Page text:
I explained a primary value of reproduction through relational apprenticing in my message this past Sunday. I look forward to sharing more values this coming Sunday as we talk about the need to offer fresh expressions of the Gospel.
Shannon Cotton, the Communications Director at Matthews UMC, says that I need to add pictures to my blog and she’s the expert so you can thank her for the photograph. The smiling preschooler is my oldest son, Stephen “Caleb;” who is laughing after running through a suburban geyser at the local splash pad. The joy he was experiencing in that moment warmed the hearts of his parents and his 16-month-old brother was very intrigued so he quickly joined in the fun as well. Fun is contagious.
Fun is almost always a driving value for children. I’m not sure at what point in our lives we allow play to move down the list of priorities, nor am I sure of all the factors influencing us to stop pursuing fun. I remember watching Kevin Carroll address this issue at a leadership conference several years ago. He explained that at some point we no longer incorporate play into our everyday lives; which becomes very detrimental to us as adults. This lack of play can be fatal to the soul. So I refuse NOT to have fun. There are those intense moments that demand a more serious posture, such as a tough diagnosis or a loss of life, but for the other 99% of our time here, fun should be a big pursuit. As is the case with maintaining simplicity and external focus, however, the natural drift is toward strictly business; which is no fun.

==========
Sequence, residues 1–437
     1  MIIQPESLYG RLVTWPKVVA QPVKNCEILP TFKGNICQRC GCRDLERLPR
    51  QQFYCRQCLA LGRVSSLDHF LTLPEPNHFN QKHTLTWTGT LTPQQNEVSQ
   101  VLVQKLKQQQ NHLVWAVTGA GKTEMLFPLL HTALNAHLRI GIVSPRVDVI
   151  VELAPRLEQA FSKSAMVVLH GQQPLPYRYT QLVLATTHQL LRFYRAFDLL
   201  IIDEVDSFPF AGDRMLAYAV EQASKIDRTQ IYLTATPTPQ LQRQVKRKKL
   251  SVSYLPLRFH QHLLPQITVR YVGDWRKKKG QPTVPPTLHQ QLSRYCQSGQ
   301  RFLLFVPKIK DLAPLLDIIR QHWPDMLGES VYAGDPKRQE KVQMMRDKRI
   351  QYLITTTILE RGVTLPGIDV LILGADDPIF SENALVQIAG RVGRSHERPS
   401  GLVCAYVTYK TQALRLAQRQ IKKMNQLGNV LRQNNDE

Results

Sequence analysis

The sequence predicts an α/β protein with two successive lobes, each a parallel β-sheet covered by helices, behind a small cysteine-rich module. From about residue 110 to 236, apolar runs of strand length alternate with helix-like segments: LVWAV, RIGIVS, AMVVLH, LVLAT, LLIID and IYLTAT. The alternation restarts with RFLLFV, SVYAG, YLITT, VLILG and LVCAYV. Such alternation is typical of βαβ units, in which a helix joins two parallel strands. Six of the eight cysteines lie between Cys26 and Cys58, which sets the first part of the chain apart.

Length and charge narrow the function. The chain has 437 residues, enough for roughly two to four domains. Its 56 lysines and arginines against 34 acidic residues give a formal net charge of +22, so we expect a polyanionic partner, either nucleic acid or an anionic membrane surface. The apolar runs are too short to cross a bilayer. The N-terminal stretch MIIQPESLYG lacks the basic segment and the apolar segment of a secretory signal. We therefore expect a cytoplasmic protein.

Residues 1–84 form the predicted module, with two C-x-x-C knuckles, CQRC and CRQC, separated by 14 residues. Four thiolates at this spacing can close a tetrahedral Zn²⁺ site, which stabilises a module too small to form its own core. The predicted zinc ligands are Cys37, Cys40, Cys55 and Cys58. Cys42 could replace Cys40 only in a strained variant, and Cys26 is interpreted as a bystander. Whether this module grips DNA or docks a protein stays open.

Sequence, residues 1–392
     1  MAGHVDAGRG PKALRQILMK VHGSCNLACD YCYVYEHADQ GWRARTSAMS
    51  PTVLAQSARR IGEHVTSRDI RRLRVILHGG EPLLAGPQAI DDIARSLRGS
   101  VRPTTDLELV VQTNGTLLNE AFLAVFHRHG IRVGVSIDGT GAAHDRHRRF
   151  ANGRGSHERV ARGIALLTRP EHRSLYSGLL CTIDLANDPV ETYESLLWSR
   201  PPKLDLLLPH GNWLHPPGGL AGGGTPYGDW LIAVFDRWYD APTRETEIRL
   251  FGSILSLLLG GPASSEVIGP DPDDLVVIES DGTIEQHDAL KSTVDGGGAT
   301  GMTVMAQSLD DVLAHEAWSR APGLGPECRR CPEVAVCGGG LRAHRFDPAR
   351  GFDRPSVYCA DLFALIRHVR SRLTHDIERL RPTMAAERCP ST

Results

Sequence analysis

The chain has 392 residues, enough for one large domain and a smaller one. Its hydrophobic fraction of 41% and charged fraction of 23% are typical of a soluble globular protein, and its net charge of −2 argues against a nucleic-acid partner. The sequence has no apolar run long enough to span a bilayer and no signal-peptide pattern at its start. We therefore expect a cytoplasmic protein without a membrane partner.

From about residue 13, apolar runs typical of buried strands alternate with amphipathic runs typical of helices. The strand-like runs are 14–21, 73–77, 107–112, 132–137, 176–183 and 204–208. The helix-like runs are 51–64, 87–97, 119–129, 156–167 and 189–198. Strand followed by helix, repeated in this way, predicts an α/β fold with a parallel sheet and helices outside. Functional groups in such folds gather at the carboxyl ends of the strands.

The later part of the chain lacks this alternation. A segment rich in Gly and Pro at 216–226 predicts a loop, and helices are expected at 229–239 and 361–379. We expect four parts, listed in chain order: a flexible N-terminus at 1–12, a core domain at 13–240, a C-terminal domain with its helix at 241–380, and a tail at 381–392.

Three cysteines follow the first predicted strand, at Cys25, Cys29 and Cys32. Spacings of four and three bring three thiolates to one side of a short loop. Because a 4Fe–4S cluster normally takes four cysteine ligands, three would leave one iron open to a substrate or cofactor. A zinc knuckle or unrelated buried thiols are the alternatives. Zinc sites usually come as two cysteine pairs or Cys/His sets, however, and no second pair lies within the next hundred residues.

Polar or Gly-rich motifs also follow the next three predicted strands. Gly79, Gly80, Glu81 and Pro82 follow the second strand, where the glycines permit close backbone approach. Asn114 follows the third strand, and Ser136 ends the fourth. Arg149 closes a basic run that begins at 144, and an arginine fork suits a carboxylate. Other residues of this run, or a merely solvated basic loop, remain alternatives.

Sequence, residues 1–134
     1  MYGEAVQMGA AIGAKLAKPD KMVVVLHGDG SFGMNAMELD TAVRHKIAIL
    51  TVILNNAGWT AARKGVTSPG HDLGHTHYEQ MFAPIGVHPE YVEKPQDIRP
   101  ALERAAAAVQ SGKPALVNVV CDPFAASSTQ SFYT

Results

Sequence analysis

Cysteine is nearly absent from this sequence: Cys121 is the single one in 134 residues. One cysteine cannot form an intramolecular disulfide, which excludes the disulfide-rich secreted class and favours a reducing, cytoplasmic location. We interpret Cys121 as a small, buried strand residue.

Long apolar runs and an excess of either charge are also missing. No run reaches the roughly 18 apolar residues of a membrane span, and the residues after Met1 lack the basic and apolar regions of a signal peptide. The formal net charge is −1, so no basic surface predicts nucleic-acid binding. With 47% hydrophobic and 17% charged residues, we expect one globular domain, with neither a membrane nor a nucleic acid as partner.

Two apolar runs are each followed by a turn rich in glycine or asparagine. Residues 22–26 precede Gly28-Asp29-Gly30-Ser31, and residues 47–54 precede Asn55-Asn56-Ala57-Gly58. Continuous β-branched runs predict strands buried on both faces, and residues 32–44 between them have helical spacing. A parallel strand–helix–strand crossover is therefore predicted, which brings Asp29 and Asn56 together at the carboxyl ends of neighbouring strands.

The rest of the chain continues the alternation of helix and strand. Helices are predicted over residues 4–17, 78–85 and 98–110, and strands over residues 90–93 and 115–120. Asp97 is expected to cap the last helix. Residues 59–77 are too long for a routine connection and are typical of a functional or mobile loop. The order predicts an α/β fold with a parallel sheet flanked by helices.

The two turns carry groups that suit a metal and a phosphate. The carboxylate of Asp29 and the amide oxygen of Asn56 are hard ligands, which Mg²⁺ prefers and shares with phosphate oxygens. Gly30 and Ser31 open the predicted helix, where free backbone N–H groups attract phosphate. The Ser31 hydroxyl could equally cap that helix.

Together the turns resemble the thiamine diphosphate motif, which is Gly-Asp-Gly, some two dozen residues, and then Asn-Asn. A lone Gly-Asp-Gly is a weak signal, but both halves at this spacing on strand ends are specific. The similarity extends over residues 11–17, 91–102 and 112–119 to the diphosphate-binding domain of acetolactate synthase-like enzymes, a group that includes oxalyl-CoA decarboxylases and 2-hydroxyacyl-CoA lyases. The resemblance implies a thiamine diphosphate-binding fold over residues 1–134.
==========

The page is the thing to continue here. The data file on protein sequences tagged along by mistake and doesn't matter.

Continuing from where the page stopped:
There are times when I look at people who are miserable and not having fun at all, especially in their jobs, and I want to tell them to quit and do something fun. The typical response is that we all have to eat so we need a job-even if that employment is killing us. (I think play and fun–or lack thereof–are more telling of ones personality than external influence, such as a boring job.) I would rather starve while having a blast, than experience a halfhearted existence on a full stomach.
Fun as a value for 801South will unfold as lots of laughter and play. We will create environments in which people actually enjoy being around each other as we work together on the same mission and crave that relational space when away. After all, aren’t we working to make known the One who came to provide abundant life? I hope that when I get bogged down in the day-to-day drudgery someone will hold me accountable to the value of fun, at which point we will stop, go out for cupcakes, and return for a game of Pictionary.